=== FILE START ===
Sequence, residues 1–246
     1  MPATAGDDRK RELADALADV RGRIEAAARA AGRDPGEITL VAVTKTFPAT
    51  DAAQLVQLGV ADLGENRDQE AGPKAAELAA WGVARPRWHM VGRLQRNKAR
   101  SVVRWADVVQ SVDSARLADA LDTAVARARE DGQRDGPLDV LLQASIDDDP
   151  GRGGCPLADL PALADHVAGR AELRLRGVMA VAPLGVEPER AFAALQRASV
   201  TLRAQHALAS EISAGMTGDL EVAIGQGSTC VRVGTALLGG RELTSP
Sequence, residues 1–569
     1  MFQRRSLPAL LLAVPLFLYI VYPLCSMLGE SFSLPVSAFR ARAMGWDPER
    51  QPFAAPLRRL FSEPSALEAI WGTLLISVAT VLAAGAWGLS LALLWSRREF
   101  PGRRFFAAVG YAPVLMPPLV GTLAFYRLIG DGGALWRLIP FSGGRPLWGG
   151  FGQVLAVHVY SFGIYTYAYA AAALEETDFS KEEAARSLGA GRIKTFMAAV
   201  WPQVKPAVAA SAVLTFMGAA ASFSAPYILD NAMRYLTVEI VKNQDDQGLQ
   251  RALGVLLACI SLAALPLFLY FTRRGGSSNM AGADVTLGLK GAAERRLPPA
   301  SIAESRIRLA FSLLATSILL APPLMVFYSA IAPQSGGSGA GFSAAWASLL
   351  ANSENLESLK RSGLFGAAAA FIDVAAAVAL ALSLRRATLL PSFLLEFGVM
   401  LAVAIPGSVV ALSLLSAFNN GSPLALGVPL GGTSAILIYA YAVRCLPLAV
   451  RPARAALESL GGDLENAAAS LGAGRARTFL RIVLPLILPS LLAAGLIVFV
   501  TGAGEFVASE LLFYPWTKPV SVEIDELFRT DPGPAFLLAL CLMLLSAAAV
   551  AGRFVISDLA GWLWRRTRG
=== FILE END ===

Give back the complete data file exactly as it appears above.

Sequence, residues 1–246
     1  MPATAGDDRK RELADALADV RGRIEAAARA AGRDPGEITL VAVTKTFPAT
    51  DAAQLVQLGV ADLGENRDQE AGPKAAELAA WGVARPRWHM VGRLQRNKAR
   101  SVVRWADVVQ SVDSARLADA LDTAVARARE DGQRDGPLDV LLQASIDDDP
   151  GRGGCPLADL PALADHVAGR AELRLRGVMA VAPLGVEPER AFAALQRASV
   201  TLRAQHALAS EISAGMTGDL EVAIGQGSTC VRVGTALLGG RELTSP
Sequence, residues 1–569
     1  MFQRRSLPAL LLAVPLFLYI VYPLCSMLGE SFSLPVSAFR ARAMGWDPER
    51  QPFAAPLRRL FSEPSALEAI WGTLLISVAT VLAAGAWGLS LALLWSRREF
   101  PGRRFFAAVG YAPVLMPPLV GTLAFYRLIG DGGALWRLIP FSGGRPLWGG
   151  FGQVLAVHVY SFGIYTYAYA AAALEETDFS KEEAARSLGA GRIKTFMAAV
   201  WPQVKPAVAA SAVLTFMGAA ASFSAPYILD NAMRYLTVEI VKNQDDQGLQ
   251  RALGVLLACI SLAALPLFLY FTRRGGSSNM AGADVTLGLK GAAERRLPPA
   301  SIAESRIRLA FSLLATSILL APPLMVFYSA IAPQSGGSGA GFSAAWASLL
   351  ANSENLESLK RSGLFGAAAA FIDVAAAVAL ALSLRRATLL PSFLLEFGVM
   401  LAVAIPGSVV ALSLLSAFNN GSPLALGVPL GGTSAILIYA YAVRCLPLAV
   451  RPARAALESL GGDLENAAAS LGAGRARTFL RIVLPLILPS LLAAGLIVFV
   501  TGAGEFVASE LLFYPWTKPV SVEIDELFRT DPGPAFLLAL CLMLLSAAAV
   551  AGRFVISDLA GWLWRRTRG